#ShortNews: Australian state rejects bid to decriminalize abortion

Lawmakers in New South Wales have defeated a bid to liberalize the Australian state’s abortion law.

The proposed legislation, similar to laws that already stand in other Australian jurisdictions, would have decriminalized abortion. It would also have set up “exclusion zones” around abortion clinics, denying access to pro-life counselors.

Abortion is legal in New South Wales today only when the mother’s health is judged to be in danger. Proponents of a more liberal policy said that they would continue to press for change.

http://www.theaustralian.com.au/news/latest-news/decriminalise-abortion-debate-set-for-nsw/news-story/1373a3c732baaaff86a522e995d72ba5

#ShortNews: Jordan’s King Abdullah vows to protect Christian minority

Jordan’s King Abdullah II reaffirmed his determination to protect his country’s Christian minority, during a May 2 meeting with the Archbishop of Canterbury.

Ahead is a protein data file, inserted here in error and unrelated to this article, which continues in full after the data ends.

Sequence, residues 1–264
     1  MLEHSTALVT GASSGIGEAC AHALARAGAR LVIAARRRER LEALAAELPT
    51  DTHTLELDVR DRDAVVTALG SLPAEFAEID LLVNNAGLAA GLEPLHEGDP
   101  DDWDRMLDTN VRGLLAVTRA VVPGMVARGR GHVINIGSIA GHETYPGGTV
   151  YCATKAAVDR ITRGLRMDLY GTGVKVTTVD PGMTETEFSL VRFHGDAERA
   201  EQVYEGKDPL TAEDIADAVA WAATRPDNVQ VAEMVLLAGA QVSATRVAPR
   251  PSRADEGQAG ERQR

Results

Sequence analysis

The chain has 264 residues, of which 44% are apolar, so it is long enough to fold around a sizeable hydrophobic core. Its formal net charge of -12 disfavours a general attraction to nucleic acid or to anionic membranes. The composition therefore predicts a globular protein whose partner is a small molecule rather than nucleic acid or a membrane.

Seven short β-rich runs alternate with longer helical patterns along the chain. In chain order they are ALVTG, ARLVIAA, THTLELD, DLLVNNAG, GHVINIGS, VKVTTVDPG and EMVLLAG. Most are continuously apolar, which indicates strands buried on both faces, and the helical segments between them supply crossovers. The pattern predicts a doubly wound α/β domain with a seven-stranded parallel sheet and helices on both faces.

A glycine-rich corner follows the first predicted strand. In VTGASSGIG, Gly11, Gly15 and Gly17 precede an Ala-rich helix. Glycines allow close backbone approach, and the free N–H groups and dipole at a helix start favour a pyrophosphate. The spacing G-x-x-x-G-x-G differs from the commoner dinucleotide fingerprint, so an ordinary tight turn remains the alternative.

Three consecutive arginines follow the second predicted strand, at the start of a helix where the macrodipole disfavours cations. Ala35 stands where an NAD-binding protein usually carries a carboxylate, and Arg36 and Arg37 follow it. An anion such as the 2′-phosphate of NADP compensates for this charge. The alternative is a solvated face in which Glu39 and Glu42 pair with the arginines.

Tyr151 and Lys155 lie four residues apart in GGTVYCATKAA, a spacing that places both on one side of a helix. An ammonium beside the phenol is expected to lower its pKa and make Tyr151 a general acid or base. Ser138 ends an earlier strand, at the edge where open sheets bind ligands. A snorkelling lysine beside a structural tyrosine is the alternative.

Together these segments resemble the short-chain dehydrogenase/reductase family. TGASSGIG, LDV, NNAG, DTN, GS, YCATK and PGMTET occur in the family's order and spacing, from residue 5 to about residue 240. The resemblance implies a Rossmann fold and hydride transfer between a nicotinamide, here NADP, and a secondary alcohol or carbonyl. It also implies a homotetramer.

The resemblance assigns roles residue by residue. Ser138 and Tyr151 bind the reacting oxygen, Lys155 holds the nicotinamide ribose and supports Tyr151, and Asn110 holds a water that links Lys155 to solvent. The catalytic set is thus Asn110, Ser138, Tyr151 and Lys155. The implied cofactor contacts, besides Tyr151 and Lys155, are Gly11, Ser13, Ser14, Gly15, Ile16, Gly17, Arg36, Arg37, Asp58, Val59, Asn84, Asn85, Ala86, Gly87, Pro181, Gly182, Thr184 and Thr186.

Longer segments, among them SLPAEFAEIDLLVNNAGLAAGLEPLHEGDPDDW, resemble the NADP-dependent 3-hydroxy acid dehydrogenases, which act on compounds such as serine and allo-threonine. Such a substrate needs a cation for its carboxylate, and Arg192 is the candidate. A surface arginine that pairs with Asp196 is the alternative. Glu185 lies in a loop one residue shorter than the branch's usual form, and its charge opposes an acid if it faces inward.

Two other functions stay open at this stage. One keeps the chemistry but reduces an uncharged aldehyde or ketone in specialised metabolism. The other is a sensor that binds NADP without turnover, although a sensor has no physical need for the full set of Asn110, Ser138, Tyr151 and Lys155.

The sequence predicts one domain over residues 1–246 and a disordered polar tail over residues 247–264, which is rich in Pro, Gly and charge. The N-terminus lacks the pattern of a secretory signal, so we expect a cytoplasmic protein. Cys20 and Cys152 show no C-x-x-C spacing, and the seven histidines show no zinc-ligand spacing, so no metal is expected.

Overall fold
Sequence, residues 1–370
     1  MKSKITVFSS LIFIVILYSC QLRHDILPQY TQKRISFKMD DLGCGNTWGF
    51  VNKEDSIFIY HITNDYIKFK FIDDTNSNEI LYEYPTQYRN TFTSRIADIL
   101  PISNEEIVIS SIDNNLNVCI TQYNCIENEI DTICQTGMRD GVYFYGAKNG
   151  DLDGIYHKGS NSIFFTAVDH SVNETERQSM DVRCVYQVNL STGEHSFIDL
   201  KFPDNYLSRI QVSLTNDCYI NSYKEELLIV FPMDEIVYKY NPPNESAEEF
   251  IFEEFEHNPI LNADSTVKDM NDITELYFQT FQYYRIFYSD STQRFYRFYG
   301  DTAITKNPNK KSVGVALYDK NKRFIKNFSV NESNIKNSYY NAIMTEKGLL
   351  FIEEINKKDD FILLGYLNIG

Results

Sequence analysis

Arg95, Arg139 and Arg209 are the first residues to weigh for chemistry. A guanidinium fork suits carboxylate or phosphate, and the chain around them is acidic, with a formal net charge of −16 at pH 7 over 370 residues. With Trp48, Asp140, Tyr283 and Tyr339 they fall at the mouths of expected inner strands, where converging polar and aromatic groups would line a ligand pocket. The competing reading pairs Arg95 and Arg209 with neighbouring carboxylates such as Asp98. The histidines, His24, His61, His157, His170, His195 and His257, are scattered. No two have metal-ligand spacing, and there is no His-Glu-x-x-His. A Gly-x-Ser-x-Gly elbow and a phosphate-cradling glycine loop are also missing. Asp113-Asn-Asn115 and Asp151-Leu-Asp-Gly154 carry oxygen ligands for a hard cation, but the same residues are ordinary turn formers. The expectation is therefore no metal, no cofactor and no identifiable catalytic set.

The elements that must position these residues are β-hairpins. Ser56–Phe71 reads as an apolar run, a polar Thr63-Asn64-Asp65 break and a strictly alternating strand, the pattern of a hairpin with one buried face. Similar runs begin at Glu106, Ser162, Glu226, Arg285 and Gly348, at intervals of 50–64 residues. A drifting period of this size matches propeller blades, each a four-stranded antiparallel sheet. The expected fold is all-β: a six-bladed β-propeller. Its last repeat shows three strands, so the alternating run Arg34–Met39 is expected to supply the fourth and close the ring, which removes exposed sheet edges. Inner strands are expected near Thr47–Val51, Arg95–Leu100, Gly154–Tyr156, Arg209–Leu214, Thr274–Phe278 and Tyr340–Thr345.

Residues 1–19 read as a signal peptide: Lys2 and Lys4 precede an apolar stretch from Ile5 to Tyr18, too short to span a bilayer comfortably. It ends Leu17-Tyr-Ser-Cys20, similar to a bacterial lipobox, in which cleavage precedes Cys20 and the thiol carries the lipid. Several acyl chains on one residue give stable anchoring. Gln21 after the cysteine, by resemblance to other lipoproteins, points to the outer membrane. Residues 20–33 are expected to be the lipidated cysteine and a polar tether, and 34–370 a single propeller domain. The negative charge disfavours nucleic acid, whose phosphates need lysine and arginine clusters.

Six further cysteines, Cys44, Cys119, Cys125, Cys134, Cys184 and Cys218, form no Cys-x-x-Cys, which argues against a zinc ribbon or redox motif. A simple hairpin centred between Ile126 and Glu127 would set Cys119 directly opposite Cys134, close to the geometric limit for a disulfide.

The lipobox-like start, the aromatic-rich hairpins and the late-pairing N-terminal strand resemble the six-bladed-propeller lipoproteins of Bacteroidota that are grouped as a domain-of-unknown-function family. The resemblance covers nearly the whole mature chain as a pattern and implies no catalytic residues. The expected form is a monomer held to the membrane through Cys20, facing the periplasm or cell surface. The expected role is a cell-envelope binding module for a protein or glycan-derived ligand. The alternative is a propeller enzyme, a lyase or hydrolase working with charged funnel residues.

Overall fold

In his discussions with Dr. Justin Welby, King Abdullah called attention to what he characterized as a harmonious relationship between Muslims and Christians in his country. He said that he sees his role as that of a “protector” of Christians.

http://www.fides.org/en/news/62195-ASIA_JORDAN_King_Abdullah_II_claims_his_role_as_protector_of_Arab_Christians#.WQnjvFMrKIY

#ShortNews: Religious sisters in US come from at least 83 nations

A study on the 4,000 international religious sisters serving in the United States was presented in Rome at a meeting of the International Union of Superiors General.

The study, conducted by Trinity Washington University and the Center for Applied Research in the Apostolate, found that sisters from at least 83 countries are serving in the United States and that they arrived, on average, at age 30.

One-third come from Asia, 28% from Europe, 27% from elsewhere in the Americas, and 10% from Africa. Approximately 60% entered religious life before coming to the United States.

http://www.internationalunionsuperiorsgeneral.org/international-sisters-united-states-study/